1. What are the various names and titles for Satan? Read Genesis 3:1-14,
Job 1:6-12, Ezekiel 28:12-16,
Matthew 4:1-11; 6:13;
12:24; 13:19; 13:25-39,
Mark 3:22, Luke 11:18-22,
John 8:44; 12:31;
16:11, 2 Corinthians 4:4;
6:14-15, Ephesians 2:2;
6:16, 1 Thessalonians 3:5,
1 Peter 5:8, and Revelation 12:3-10.
2. What do the terms "devil" and "Satan" mean? Consult a Bible dictionary!
In all cases where the term "devil" is found, it is preceded by the article "the," which indicates that the term is a title rather
than a name. "Devil" is translated from the Greek term "diabolos," which means "false accuser" or "slanderer." "Satan" is the personal name of the devil,
which, translated from its Hebrew term, means "adversary."
3. What was Satan originally and how did he become the devil? Study Ezekiel 28:1-19.
The origin of Satan is not explicitly explained in the Bible; instead, it is found in the writings of the Old Testament prophet Ezekiel
who is declaring God's judgment to the Gentile nation of Tyre.
In contrast to his prior two prophecies directed at the Phoenician city-state of Tyre, Ezekiel's third prophecy is directed specifically
at the "leader of Tyre," and the prophetic language in verses 1-10 appropriately applies to a human being.
However in verse 11, Ezekiel uses the term "king of Tyre," which is uncharacteristic of Ezekiel's writings. The title "king" was rarely
used, even as a designation for any of Israel's kings, except on one occasion, King Jehoichin. Thus the use of this term heralded a change in the subject
matter. While verses 1-10 confront a human being who claims to be a god, verses 11-19 confront a king who has qualities beyond a human being. In consideration
of historical and cultural influences of the time, the best interpretation of this passage was that Ezekiel was addressing Satan who was behind the power of
the "ruler of Tyre." And while the ruler of Tyre was motivated by and being judged for his sin of pride, so was the "king of Tyre."
From Ezek 28:11-19, the following aspects of Satan can be seen:
1) God created Satan with perfection: full of wisdom and beauty. (v. 12)
2) Satan enjoyed the privilege of being in the Garden of Eden and was adorned with precious stones. (v. 13)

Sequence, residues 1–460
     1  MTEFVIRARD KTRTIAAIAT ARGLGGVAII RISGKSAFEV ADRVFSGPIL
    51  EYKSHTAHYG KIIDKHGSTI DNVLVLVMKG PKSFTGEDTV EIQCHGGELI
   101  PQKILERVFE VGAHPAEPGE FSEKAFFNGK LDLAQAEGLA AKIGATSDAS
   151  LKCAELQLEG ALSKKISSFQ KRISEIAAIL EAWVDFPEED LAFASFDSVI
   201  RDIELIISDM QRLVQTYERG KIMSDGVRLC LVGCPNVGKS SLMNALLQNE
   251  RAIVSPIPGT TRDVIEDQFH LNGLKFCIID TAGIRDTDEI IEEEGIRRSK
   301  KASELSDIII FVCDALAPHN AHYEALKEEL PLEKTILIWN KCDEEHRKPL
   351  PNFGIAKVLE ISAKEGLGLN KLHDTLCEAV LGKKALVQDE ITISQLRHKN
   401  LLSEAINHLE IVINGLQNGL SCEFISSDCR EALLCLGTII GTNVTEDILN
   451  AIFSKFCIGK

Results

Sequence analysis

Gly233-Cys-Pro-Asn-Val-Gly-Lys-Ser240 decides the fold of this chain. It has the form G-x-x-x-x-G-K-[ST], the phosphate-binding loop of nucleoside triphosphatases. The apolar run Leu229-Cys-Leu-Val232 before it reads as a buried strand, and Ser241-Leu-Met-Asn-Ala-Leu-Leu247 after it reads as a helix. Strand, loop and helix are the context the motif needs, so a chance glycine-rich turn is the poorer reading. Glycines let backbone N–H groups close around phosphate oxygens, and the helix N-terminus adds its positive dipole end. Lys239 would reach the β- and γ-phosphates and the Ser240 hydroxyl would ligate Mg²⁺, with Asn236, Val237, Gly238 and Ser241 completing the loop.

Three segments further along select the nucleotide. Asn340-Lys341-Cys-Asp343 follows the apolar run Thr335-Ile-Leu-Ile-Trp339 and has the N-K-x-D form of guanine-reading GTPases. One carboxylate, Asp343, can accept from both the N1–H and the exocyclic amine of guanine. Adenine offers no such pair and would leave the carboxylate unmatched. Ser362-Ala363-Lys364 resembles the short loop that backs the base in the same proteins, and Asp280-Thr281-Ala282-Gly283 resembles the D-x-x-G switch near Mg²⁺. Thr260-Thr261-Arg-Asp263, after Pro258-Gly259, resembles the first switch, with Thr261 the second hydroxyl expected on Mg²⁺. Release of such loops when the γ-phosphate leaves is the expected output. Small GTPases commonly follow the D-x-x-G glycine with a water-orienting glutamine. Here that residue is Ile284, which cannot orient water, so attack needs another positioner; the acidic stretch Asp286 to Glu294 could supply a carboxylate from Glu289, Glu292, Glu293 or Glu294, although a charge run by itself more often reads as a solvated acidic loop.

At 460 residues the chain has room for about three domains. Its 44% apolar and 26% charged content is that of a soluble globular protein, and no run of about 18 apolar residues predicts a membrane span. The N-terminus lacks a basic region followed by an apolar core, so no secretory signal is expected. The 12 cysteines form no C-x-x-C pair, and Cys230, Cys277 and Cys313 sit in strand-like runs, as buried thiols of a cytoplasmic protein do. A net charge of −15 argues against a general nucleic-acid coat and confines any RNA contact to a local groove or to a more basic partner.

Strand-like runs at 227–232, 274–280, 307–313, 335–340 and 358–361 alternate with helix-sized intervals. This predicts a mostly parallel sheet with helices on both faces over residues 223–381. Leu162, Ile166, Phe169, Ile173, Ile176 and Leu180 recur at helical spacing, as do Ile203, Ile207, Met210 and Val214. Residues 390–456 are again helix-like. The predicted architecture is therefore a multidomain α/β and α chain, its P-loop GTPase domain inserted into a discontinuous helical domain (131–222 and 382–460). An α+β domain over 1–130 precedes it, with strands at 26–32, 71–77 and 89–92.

3) Satan was the "anointed cherub," which is a singular term that infers a position or rank of significance. He covered the glory of God,
was in God's presence, and had free access to God's abode. (v.14)
4) Satan was created sinless, like all angels, and remained so until he sinned. (v. 15)
5) As the consequence of his sin, Satan lost his position as God's anointed cherub, cast from God's abode, and judged. (v. 16)
6) Satan's sin was pride in his beauty; he was blind to the fact that his being and beauty was a consequence of God's creation.
5. When Jesus speaks of watching "Satan fall from heaven like lightening" (Luke 10:18), when did
Satan fall from heaven?
While the judgment of Tyre mentions "cast you as profane from the Mountain of God" (Ezek 28:16)
and "I threw you to the ground" (Ezek 28:17), it does not specify when Satan was cast out.
Because Satan was created on the first day of Creation and was present to in the Garden of Eden, the anointed cherub apparently was cast
down from covering God's glory sometime before the temptation of Eve.
However, Satan was not banned from heaven as seen in this interaction with God:
Now there was a day when the sons of God came to present themselves before the LORD, and Satan also came among them. The LORD said
to Satan, "From where do you come?" Satan answered the LORD and said, "From roaming about on the earth and walking around on it."
It isn't until the resurrected King Judge Jesus breaks the seals of the scroll that Satan is banished to the confines of earth to the great
rejoice of heaven (Rev 12:7-12).